BWW Reviews: Broadway's Outstanding ONCE Kicks Off National Tour at PPAC
There is no denying that the transition from film to musical can be a tricky one. It's likely even trickier when the film was a small-budget, minimalist piece, with only two main characters and a fairly somber, melancholy tone. It helps, though, when the film includes amazing, award-winning music, which will translate perfectly to the stage.
In this case, the movie is Once, an Irish musical/film which was released in 2007, became an indie darling and then went on to become a major mainstream success. That success included an Independent Spirit Award for Best Foreign Film and an Academy Award for Best Original Song. Made for around $150,000 and shot in seventeen days, it went on to gross twenty million dollars worldwide and earned critical raves. It was then developed as a musical at the American Repertory Theater in Boston and eventually worked its way to Broadway, where it opened in 2012, winning that year's Tony Award for Best Musical.
Once tells the story of a struggling Irish musician in modern-day Dublin. He is struggling, still trying to get over his girlfriend's departure to America, and contemplating the end of his musical career. Everything changes for this young man, known only as "Guy," when he meets a quirky, unique, energetic young woman, known as "Girl," who basically demands that he keep writing and playing his music. She soon convinces him to record his music and go to America to follow his former love. During their time together, though, they find what may perhaps be the truest love of their lives, with each other.
In some fundamental ways, the musical is, of course, much different from the movie. The movie is small in scale, highly intimate, very focused on only the two lead characters, and has a tone that is somber, even sad at times. Much of the movie's tone and feel cannot really be translated into a big Broadway musical, at least not one that's going to be popular with general audiences. So, the musical takes everything up a notch. All aspects of the story are bigger, brighter, funnier, more prominent and, if you will, more theatrical. While purist fans of the movie may scoff at some of what goes on in the musical, the creative team behind the stage production knew what they were doing. They have crafted a uniformly excellent piece of musical theater.
For this production, they hae also brought together a completely brilliant and wonderfully talented cast. Leading the way is Stuart Ward as Guy. He has a masterful touch with a guitar and a beautiful voice to go along with it. His talents don't stop at singing and playing though, as he's able to truthfully convey all of the complex emotions his character goes through. As his muse and inspiration, Girl, Dani De Waal is equally talented. She has a stunning voice, which really came through during her solo numbers, especially the second act's "The Hill." When Ward and De Waal join forces to sing the show's signature song, "Falling Slowly," they make such beautiful music together, it will send a shiver up your spine.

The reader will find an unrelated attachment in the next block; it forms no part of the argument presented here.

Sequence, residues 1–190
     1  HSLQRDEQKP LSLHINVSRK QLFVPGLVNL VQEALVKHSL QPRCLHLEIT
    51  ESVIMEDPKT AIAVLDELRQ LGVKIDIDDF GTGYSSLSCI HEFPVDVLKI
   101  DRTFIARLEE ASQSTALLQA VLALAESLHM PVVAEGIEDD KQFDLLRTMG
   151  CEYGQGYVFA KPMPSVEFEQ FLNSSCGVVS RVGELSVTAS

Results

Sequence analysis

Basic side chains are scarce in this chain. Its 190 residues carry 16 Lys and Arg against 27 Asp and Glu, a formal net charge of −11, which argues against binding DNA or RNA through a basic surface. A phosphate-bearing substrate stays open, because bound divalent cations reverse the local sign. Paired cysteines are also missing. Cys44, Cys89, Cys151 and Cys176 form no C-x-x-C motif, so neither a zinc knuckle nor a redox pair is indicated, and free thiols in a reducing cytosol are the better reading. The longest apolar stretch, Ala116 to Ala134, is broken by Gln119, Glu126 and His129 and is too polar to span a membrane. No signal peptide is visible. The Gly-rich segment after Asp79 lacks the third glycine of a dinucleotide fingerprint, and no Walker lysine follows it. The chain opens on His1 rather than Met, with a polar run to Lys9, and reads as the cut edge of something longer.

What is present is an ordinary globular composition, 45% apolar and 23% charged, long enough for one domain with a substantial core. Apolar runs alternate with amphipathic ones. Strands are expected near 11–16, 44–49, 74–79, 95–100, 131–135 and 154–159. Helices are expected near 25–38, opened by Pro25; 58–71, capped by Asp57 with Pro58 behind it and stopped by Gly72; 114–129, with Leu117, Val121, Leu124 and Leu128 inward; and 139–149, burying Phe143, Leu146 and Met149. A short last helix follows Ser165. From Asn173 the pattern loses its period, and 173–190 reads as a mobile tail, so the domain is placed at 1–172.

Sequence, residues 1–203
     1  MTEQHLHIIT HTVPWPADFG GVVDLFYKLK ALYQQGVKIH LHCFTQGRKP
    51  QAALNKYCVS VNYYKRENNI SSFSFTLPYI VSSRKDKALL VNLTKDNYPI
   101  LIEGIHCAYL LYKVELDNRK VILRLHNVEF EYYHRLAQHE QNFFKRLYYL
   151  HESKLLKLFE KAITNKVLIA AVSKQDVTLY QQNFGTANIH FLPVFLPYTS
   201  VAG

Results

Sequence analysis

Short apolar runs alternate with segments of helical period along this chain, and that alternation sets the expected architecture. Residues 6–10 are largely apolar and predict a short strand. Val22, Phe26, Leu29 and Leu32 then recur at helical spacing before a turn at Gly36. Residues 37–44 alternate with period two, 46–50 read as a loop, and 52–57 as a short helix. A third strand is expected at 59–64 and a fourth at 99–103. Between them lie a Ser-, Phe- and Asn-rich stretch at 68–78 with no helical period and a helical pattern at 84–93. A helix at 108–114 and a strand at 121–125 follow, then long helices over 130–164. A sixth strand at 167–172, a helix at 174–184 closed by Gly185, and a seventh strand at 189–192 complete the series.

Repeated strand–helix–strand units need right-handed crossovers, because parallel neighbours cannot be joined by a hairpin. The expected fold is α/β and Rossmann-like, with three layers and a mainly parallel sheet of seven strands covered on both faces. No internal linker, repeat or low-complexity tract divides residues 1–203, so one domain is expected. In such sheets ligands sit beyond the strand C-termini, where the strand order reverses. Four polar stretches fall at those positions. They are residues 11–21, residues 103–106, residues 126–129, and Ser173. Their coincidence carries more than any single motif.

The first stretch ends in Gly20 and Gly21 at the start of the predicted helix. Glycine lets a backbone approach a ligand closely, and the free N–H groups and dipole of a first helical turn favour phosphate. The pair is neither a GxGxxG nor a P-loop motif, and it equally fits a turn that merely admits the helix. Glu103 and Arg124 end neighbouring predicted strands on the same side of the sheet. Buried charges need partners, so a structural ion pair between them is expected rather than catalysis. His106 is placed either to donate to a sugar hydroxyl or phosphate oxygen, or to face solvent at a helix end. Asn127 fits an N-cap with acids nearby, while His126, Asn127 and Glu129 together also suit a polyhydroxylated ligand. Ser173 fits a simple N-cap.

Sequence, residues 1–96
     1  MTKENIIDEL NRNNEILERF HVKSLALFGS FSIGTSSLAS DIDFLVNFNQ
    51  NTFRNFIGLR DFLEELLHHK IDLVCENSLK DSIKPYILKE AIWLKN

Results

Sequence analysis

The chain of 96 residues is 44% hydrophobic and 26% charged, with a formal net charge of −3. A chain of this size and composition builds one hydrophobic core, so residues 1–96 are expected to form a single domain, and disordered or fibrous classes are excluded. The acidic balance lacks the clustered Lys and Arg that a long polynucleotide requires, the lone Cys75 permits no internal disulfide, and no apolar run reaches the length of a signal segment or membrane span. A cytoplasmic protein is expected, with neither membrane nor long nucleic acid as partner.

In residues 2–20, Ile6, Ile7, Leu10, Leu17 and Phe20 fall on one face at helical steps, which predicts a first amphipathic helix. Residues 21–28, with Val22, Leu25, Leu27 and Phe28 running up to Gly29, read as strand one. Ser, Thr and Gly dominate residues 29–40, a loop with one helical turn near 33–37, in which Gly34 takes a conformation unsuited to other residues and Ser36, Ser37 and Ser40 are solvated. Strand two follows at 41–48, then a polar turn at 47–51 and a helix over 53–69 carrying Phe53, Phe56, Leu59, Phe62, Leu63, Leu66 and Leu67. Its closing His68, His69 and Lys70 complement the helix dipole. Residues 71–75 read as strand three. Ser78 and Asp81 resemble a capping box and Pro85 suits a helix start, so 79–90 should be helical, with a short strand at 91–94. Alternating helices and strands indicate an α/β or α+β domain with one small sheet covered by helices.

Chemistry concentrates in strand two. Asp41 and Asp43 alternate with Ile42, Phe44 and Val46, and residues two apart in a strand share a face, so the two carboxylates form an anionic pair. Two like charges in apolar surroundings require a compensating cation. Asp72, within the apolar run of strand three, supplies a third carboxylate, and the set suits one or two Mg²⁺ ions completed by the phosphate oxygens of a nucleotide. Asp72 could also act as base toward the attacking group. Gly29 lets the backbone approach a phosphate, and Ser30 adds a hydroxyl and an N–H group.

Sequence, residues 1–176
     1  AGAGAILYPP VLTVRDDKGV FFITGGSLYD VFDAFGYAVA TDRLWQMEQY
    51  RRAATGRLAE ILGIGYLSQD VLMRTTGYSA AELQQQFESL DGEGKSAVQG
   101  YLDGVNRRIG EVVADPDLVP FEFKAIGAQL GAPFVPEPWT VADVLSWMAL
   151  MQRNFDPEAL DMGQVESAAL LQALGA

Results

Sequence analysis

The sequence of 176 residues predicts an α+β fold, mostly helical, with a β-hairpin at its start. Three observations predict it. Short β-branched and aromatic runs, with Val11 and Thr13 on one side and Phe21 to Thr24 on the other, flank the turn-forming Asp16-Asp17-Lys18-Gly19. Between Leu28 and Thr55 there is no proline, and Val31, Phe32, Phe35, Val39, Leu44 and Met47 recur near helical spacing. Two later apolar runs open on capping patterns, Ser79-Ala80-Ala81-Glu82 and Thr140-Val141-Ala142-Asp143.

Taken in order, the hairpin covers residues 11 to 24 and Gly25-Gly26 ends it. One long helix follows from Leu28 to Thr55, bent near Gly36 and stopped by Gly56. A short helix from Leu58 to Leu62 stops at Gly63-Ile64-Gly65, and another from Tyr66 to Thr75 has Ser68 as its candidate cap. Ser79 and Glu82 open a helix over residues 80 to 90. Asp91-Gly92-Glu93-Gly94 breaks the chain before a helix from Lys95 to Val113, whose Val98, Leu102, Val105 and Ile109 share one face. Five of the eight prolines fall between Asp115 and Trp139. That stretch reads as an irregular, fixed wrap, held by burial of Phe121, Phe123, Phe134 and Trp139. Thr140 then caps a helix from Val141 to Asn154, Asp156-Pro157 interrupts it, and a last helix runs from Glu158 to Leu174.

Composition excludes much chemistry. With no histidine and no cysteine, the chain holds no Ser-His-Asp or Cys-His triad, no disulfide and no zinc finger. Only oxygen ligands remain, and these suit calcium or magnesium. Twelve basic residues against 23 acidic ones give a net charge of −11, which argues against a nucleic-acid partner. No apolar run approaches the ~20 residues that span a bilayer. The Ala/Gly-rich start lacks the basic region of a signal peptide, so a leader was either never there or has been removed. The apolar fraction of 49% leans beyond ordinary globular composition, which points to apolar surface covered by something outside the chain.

All of their cast-mates are a joy to watch onstage, from their individual comic acting moments to the amazing music they create, each with their own string instrument. Benjamin Magnuson as the Bank Manager and Evan Harrington as Billy are standouts, but that's mainly because they are given slightly more to do. Both are hilarious and get to do some major scene stealing. Erica Swindell deserves mention as well, just for the fact that she does it all, acting, singing, playing the violin and performing the duties of dance captain.
Every member of the company is also part of the musical accompaniment and the music they make is fantastic. Dominated by string instruments, the actors all play something, including mandolin, guitar, accordion, ukulele, banjo, cello and electric bass, among others. Scene changes and transitions are filled with music and there seems to be some kind of wonderful music being played all the time. Once is as much a show about the love of music as it is about the love between two people.
This production, set to head out on a national tour, also features a stunning set, which at first blush is just the interior of an Irish pub. That interior quickly and efficiently becomes the interior of every other location, as actors move furniture and set pieces on and off to help create the illusions. Perfectly executed lighting tricks also help to define and create different spaces and locations. There's also a wonderful moment, maybe the show's best moment of all, that takes place on top of the set, as the two main characters stand on a hilltop, looking down at the twinkling lights of the town. It's a perfect piece of theater magic.